Blogs and other internet sites should be covered by a voluntary code of practice similar to that for newspapers in the UK, a conference has been told.
Press Complaints Commission director Tim Toulmin said he opposed government regulation of the internet, saying it should a place "in which views bloom".
But unless there was a voluntary code of conduct there would be no form of redress for people angered at content.
Er... Apart from those pesky libel laws, of course. And, of course, most bloggers would probably take down any offensive or derogatory material that someone threatened legal action over, I would imagine.
So if The Kitchen disappears in its entirety one day, then you'll know what;s happened. Let's face it, if I went through removing all of the offensive bits, all you'd be left with is...
... your humble Devil...
... and I'd probably have to take that down under the Trade Descriptions Act since I'm not really that humble. Nor am I the Devil.
But, until then, fuck 'em.
He spoke during a session on free speech at a London race conference.
Mr Toulmin described the phrases "free speech" and "free press" as relative terms because views expressed on the internet are still governed by laws such as libel and data protection.
Yes, Mr Toulmin—or can I call you Mr MiniTool?—that's a very good point. And so the need for a voluntary code of conduct, of the sort that the newspapers ignore every single fucking day is... Well, what, precisely?
The Press Complaints Commission enforces a code of practice for the UK newspaper and magazine industry, covering accuracy, discrimination and intrusion, amongst other things.
Members of the public unhappy with coverage can take their complaints to the commission.
Mr Toulmin said this "self-imposed regulation" did offer people a means to complain about coverage, although it "was not the answer to all your problems".
No, it's not. That's because the newspaper industry has realised that printing pictures of a 13 year old Princess Eugenie in a wet bathing costume, taken with a telephoto lens from a nearby boat, is enough to get the punters to give cash to the various proprietors.
Complaints can already be made about online versions of newspapers and magazines which already subscribe to the PCC code.
But apart from those sites, generally on the internet "there are no professional standards, there is no means of redress", Mr Toulmin said.
Look, Mr MiniTool, there are plenty of professional standards out here. We scummy bloggers have this horrible habit of linking directly to our sources and to the data that we quote, which is rather more than many newspapers—especially, and for obvious reasons, the print editions—which, admittedly, can be a little embarrassing for those who are trying to hide things away.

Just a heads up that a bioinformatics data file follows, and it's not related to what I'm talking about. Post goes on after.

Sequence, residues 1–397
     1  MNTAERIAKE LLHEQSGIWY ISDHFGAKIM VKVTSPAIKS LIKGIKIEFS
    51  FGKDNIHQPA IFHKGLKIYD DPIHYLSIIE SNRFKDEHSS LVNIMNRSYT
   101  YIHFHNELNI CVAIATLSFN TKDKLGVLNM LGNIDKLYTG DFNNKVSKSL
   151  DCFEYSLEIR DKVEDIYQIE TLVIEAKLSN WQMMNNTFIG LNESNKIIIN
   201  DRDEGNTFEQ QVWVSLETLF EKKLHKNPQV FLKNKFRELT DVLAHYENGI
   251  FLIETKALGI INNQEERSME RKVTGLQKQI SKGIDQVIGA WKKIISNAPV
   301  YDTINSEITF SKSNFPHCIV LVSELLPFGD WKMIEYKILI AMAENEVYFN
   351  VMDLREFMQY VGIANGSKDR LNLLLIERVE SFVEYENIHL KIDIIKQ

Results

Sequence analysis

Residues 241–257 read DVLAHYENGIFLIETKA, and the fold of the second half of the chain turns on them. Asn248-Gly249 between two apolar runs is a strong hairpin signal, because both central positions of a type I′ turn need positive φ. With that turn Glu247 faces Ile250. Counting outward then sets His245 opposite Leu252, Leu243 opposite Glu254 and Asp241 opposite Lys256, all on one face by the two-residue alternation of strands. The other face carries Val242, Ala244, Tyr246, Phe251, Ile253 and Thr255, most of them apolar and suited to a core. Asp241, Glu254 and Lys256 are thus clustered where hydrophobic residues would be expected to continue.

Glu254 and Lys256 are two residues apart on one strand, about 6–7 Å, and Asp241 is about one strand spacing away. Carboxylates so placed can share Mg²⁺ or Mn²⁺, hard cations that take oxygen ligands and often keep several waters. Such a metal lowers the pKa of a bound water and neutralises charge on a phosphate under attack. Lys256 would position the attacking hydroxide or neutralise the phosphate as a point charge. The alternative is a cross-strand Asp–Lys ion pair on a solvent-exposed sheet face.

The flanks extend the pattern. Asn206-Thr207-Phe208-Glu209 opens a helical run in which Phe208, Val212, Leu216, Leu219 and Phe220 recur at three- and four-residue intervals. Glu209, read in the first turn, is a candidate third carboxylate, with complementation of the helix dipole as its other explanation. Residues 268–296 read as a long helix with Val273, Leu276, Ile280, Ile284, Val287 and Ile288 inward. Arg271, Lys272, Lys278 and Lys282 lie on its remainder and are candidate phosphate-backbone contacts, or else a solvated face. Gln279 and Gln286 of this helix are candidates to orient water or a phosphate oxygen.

We bloggers regulate ourselves. If a blogger has misrepresented the facts, he or she is veru often taken to task by their own commenters as well as by other bloggers. We nasty, rumour-mongering bloggers sink or swim by our credibility which is, in turn, determined by our reliability on evidence and interpretation. Not something that one can say about, say, Polly Toynbee; why else would there be a blog solely dedicated to exploding her lies and manipulation?
And means of redress? Well, in most cases an email will suffice.
There is something of a difference between the press and bloggers, and it is this: the press have massive financial backing. If someone complains to the MSM, the MSM can afford to ignore them. Even a libel case will not, in most cases, really damage a newpaper.
Bloggers don't have those kind of resources. In most cases, the person who complains about what a blogger has written will have far more resources and money that the blogger. In this case, a voluntary code really is not needed.
He said a voluntary code of practice would allow content to be checked without government involvement, stressing: "We're not in favour of regulating the internet. The flow of information should not be regulated by any government."
Mr Toolface said: "We are not infavour of regulating the internet, but we are."
Former Downing Street spin doctor Alastair Campbell, who chaired the session organised by the Commission for Racial Equality, said blogs were "perceived as a positive development" but added that "some of the most offensive stuff" comes from them.
From a man who used to write pornographic stories for Forum magazine, I find it difficult to imagine that Mr Campbell finds anything "offensive". But, just for the record, I find Campbell's face, attitude and his key role in the subversion of the media and electorate into the service of his shitty, fucking masters pretty fucking offensive. Fuck you, Campbell, you pin-pricked, stinking, piece of dogshit.
But having said that, I will sign up to a voluntary code. It is my own code and here it is:
- I will declare an interest where I believe it to be even tangentially relevant if I feel that it is something that my readers are unaware of, e.g. my membership of UKIP.
- I will not write about my employment except where it is relevant and where permission has been sought from my employers. This condition is also bound by 1).
- I will continue to rant and rave—using as many swearwords and deeply umpleasant mental images as I deem to be amusing—against our political masters until they get the fucking message that they cannot continue to take our money whilst fucking us roughly up the arse.
- "Cunt" is one of the oldest words in our fine language and thus I shall continue to call a cunt a cunt and ever more shall do so.
- Fuck you all, you pondlife, politico shitbags.
Okey dokey; consider that voluntary code signed.